tion for right- and left-hand circularly polarized light; this technique is called circular dichroism. The sample is run in solution, with the concentration depending on the path length and the rotation of the sample. The usual sample size is several milligrams, with more being necessary if the specific 3.4.4 ESR Spectrometryrf One of the most powerful techniques for the study of substances with one or more unpaired electrons makes use of electron spin (or paramagnetic) resonance, ESR (EPR). The spectrometer ($20,000-35,000) bears some resemblance to an NMR spectrometer. This is not surprising since NMR and ESR both deal with the absorption of electromagnetic radiation by particles in a strong magnetic field, the former by nuclei (usually protons) and the latter by unpaired electrons. The spec- trum is usually a plot of the first derivative of absorption versus magnetic field strength. Most organic unknowns give no signal whatsoever, but those which do contain unpaired electrons give such strong signals that they can be detected in concentrations as low as 10~12 M. The sample may be run as a solid, liquid, or gas. The fine structure of the absorption, caused by spin-spin splitting by nearby magnetically active nuclei (usually protons), makes the ESR spectrum useful as a fingerprint for various radicals and, if the coupling pattern can be deciphered, also yields structural information 3.4.5 Raman Spectrometry: When molecules scatter monochromatic ultraviolet and visible radiation, in addition to scattered light of the same frequency as the incident light, some scattering at the incident frequency plus and minus certain molecular vibrational frequencies occurs. This latter scattering is the Raman effect. Raman spectrometers are commercially available (about $25,000) and give spectra which are occasionally useful in organic structure determination.! The selection rules for IR and Raman spectra are quite different. For example, as mentioned above, the carbon- carbon stretching band in ethylene is infrared inactive; it is, however, Raman active. The selection rules are such that a molecule with a center of symmetry will have no bands common to both spectra, and this proves useful in detecting centrosymmetry. The sample is run as a pure liquid or as a solution of at least 5% concentration. The usual cells require about 100 mg of sample, 3.4.6 Stability Constants: There are certain cases in which the equilib- rium constant for a reaction of the sample with some substance can be easily measured and yields valuable structural information. Useful structural information is forthcoming only when there have been previous studies of related equilibria, as is the case with acids and bases.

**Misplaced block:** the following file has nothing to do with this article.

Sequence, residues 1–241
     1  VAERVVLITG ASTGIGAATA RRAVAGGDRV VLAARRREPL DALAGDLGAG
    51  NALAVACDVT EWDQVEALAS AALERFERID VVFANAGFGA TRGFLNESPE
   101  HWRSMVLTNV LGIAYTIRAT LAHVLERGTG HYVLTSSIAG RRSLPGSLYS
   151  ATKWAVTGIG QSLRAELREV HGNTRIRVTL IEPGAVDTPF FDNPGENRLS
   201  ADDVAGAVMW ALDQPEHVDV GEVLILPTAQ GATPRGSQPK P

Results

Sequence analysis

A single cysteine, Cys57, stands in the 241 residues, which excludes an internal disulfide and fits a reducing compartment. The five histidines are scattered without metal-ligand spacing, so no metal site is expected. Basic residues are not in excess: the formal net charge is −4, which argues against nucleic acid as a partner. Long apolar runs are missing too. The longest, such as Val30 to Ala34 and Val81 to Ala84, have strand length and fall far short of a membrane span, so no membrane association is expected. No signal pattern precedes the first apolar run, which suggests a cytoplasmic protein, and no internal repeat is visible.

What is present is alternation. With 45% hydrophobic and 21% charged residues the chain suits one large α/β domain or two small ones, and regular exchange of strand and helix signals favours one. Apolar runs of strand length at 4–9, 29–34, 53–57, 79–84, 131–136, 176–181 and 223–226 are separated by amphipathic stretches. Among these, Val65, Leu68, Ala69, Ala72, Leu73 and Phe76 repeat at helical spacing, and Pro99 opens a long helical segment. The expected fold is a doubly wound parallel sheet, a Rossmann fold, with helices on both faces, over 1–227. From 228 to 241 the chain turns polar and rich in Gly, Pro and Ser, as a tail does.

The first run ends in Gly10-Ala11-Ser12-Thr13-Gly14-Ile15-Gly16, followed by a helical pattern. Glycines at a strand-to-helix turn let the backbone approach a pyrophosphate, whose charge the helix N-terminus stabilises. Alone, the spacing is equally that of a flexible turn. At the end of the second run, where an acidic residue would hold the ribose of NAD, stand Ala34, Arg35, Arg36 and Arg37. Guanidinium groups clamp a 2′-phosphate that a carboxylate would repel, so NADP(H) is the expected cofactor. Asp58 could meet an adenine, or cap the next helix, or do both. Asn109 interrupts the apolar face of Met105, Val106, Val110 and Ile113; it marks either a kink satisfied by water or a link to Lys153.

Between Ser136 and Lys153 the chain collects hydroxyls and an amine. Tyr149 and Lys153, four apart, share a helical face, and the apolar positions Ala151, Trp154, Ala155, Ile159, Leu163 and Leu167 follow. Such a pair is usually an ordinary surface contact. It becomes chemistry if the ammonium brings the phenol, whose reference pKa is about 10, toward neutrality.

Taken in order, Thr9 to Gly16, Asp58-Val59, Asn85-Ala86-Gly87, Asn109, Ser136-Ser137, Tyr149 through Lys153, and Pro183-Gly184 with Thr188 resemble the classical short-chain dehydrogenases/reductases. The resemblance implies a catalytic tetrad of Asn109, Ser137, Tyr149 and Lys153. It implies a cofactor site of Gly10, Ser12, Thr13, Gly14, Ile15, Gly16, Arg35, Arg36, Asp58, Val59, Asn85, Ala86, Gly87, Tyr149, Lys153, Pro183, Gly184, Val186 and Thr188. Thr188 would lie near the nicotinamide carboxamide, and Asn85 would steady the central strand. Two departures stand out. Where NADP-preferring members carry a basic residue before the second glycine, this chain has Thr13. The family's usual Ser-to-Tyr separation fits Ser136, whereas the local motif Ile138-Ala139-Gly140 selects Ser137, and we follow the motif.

t The most comprehensive work on experimental aspects of ESR is C. P. Poole, Jr., Electron J For example, see G. A. Olah, A. Commeyras, and C. Y. Lui, /. Am. Chem. Soc.,90, 3884 (1968); this paper reports a laser Raman study of a carbonium ion.